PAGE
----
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La Maison/Nevers: Studio Lévin – Lucienne Chevert and Sam Lévin, the story of a studio


The retrospective exhibition at the Maison in Nevers brings together 142 photos. The archives of the MAP have been revisited in order to update the view of the history of the workshop. It focuses on behind the scenes of photography, the side effects of staging, the artifices, and the technical arsenal necessary for the realization of these images that have become iconic.

There is the man, with his singular journey and his surname who made the reputation of the portrait studio, but there is also the talented colleague, soon-to-be partner. To speak of the Lévin Studio is above all to tell of a duo, to describe a “four-handed photograph” so difficult is it to distinguish the work of Sam Lévin from that of Lucienne Chevert, in a production of more than 250,000 shots. achieved during almost fifty years of an almost common career. The history of the Lévin studio is made up of periods, breaks with the past and changes in style. All is renewal and evolution in the undertakings jointly carried out by the two photographers from 1934 to 1983. A longevity which is explained by an aptitude for change and an incredible ability to navigate the changing waters of a changing society. : the “Lévin way” reflects fashions and mores, embodies the tastes and imaginations of periods as different as the interwar period and the sixties.

The Lévin adventure began in 1934 in Paris in an apartment on rue Saint-Georges. It is in his home where the living room had been transformed into a shooting studio that Sam Lévin received his models, whom he first met on film sets. Very quickly, he was joined by Lucienne Chevert. In 1937, the Studio Lévin moved to rue du Faubourg-Saint-Honoré. While Sam Lévin, on file with the National Security as a foreigner and a Jew, took refuge in the southern zone, in 1942, in order to avoid the spoliation of the Parisian business, Lucienne Chevert took over the studio in rue du Faubourg-Saint -Honored in her name. Until the end of the war, she was to sign the set photographs of a dozen films such as Sortilèges by Christian-Jaque or L’homme de Londres by Decoin.

The Studio Lévin portrait of the late 1930s is above all based on a technique, a sophisticated lighting scheme from the film sets where Sam Lévin and Lucienne Chevert began and then regularly operated. The aesthetics of their photographs then presented many similarities with the films of the time: a subtle harmony of shadows and light; faces enhanced by soft shades of black and white; bodies modeled using diffuse atmospheres, luminous touches, dark or radiant backgrounds. From the outset, the studio was characterized by its clientele almost exclusively made up of well-known or soon-to-be known characters: few anonymous people, a few models, but above all actors and actresses. Soon there was a whole generation of singers who appeared in front of the lens of the famous studio. Because the circle that surrounded Sam Lévin and Lucienne Chevert was above all that of the show business: cinema and its stars then song and its stars who, in the 1960s, would also be propelled to the rank of the most prominent personalities.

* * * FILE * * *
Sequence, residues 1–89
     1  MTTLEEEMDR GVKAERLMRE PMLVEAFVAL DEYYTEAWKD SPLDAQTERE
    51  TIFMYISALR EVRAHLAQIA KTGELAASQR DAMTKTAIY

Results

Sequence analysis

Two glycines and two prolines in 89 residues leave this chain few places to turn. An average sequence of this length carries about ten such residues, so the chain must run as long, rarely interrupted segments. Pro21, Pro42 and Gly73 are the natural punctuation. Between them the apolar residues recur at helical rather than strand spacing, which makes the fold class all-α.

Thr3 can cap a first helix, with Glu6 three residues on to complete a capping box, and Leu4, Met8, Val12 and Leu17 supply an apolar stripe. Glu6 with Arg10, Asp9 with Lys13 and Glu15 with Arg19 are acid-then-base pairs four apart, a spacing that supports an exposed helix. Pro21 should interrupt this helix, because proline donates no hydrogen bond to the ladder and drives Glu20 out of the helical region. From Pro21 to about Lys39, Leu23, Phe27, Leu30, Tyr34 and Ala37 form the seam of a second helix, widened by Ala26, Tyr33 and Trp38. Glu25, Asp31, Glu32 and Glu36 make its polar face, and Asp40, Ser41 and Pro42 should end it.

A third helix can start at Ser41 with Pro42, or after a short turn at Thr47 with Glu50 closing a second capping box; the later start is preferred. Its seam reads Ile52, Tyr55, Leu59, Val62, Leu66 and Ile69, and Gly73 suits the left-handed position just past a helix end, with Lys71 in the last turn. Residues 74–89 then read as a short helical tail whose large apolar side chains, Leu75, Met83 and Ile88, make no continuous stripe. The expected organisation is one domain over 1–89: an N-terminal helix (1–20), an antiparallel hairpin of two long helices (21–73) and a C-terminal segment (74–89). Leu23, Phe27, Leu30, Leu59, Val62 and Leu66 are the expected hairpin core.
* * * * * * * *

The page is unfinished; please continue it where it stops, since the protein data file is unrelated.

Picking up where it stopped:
At the Liberation, the workshop grew, adding a photo library and a laboratory to the studio. A lounge was set up to welcome actors, singers and models who came to entrust their image to what became one of the most famous studios in the capital. In 1948, the studio signed a contract with Unifrance and became their main supplier of images. Unifrance-Film aimed to promote French cinema abroad, both films and professionals, actors or directors. For twenty years, all those who mattered paraded under the lights of 3 rue du Faubourg-Saint-Honoré. Sam Lévin also worked closely with Barclay Records, providing photographs to illustrate the record covers. Joining forces with financiers, he opened a gigantic studio in Boulogne-Billancourt in 1967, the International Photography Studios. Sam Lévin and Lucienne Chevert were recognized for their talent very early on, but this did not mean that they were making art. The image to be produced was first and foremost a market affair and their know-how necessarily adapted to a command and to its uses. There was still photography, fashion photography, advertising photography and above all, there is portraiture.

It is through the eyes and inventions of these two photographers that we still look today at the faces of Martine Carol, Gina Lollobrigida, Claude François and in particular that of Brigitte Bardot whom Sam Lévin followed throughout her career. . It is in their studio that the image of the celebrity was shaped and that the portrait was developed in a fictional universe bathed in artificial lights that illustrated the pages of magazines or were sold in the form of postcards and posters. The portrait was a promotional article, it played the intermediary between the illustrious figure and his audience, between the idol and his groupies.

Matthieu Rivallin, curator of the 2022 exhibition


Studio Lévin – Lucienne Chevert et Sam Lévin, histoire d’un atelier
From March 18 to May 11, 2022
La Maison/Nevers
Stage under agreement of national interest Art en Territoire
2 bd Pierre de Coubertin, Nevers (58).


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